English Heritage today announced that Park Hill, 'an imposing 1950s council estate that dominates the city skyline' housing 2000 tenants, has been recommended for grade II listing. Eighteen other public housing schemes have also been recommended as outstanding examples of modern architecture.
Martin Cherry, head of listing for English Heritage, said:
'Park Hill has been likened to a medieval fortress, a glittering cliff-face of windows.'
Park Hill was the first estate in the country to have pedestrian 'streets in the sky', replicating the community spirit of terraced housing. It was the first estate in England, and one of the first in Europe, to include flats, shops, pubs and other amenities all under the same roof.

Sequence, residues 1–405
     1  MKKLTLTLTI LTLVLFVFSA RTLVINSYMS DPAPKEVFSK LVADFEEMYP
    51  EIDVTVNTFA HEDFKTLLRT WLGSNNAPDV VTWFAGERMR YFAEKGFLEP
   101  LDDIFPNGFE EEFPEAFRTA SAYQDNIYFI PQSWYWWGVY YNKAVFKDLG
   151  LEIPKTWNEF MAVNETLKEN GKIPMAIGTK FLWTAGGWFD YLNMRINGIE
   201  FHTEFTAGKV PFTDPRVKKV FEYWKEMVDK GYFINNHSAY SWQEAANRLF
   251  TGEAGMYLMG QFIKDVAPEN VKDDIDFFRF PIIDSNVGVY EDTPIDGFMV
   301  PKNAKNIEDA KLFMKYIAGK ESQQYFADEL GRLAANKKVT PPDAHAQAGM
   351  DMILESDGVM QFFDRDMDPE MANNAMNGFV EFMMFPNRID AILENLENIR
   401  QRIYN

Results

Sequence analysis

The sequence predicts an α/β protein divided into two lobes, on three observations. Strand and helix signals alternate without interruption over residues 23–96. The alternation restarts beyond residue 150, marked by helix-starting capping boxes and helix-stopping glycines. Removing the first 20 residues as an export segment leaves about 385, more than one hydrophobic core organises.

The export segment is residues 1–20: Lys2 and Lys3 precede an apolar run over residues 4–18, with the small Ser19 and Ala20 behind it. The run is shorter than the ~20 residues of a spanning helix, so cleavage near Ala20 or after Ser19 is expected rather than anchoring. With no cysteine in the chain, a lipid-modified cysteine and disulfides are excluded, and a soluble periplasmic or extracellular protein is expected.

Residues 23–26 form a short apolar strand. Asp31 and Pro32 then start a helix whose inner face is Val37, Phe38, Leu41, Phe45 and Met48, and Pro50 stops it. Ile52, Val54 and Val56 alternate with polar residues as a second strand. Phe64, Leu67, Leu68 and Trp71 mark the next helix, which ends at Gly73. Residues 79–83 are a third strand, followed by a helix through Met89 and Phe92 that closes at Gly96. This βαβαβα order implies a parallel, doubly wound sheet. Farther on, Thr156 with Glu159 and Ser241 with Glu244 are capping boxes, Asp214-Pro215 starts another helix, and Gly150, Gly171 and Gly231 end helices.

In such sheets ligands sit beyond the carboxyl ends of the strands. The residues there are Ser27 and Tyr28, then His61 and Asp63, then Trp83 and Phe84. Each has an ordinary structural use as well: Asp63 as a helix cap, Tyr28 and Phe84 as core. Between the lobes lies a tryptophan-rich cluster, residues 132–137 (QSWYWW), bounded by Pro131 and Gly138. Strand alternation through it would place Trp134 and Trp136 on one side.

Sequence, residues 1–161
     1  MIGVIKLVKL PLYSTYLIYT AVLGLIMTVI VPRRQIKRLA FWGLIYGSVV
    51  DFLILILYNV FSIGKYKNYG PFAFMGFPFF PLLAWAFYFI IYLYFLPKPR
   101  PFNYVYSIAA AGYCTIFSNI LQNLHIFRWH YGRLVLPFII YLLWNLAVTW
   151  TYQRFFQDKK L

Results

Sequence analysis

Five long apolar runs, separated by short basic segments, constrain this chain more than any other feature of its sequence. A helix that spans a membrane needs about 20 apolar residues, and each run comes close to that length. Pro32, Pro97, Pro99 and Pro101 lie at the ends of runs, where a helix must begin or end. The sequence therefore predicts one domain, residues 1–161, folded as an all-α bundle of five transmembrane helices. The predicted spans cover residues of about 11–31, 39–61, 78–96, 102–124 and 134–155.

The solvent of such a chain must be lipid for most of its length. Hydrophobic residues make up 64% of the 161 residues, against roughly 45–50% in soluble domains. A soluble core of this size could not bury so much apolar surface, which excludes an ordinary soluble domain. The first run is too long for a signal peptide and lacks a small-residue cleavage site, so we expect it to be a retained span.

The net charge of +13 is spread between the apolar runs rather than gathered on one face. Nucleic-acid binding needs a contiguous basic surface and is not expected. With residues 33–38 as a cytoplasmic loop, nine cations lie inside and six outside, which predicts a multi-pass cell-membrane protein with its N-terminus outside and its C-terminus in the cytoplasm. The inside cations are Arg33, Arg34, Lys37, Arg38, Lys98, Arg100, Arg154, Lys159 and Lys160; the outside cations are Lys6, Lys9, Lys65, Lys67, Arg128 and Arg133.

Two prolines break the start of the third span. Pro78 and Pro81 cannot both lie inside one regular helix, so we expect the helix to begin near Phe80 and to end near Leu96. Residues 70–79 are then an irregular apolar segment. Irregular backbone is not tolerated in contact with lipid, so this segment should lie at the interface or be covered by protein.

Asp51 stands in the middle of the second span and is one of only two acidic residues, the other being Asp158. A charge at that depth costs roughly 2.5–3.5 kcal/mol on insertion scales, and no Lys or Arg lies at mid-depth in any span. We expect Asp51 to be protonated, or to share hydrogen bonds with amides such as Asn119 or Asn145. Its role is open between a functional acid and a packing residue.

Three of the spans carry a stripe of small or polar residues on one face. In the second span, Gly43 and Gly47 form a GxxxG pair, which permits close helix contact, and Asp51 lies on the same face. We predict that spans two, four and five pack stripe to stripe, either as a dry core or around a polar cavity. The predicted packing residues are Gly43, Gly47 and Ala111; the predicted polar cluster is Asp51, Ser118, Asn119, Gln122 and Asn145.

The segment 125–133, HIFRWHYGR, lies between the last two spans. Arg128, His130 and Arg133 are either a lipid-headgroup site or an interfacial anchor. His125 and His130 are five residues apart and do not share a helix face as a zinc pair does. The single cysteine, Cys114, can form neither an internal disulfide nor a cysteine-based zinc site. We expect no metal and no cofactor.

English Heritage admits there is a bias towards London in its recommendations, but says that this reflects the fact that London County Council was one of the few city authorities to employ architects and to strive for quality.
Others, in the desperate attempt to reach government targets for the provision of new homes, relied instead on the cheap builders' systems which have earned council flats in general a bad name.
A full list of the recommended buildings can be obtained by phoning Gary Henson, News Editor, LGCNet, on 0171-833 7324.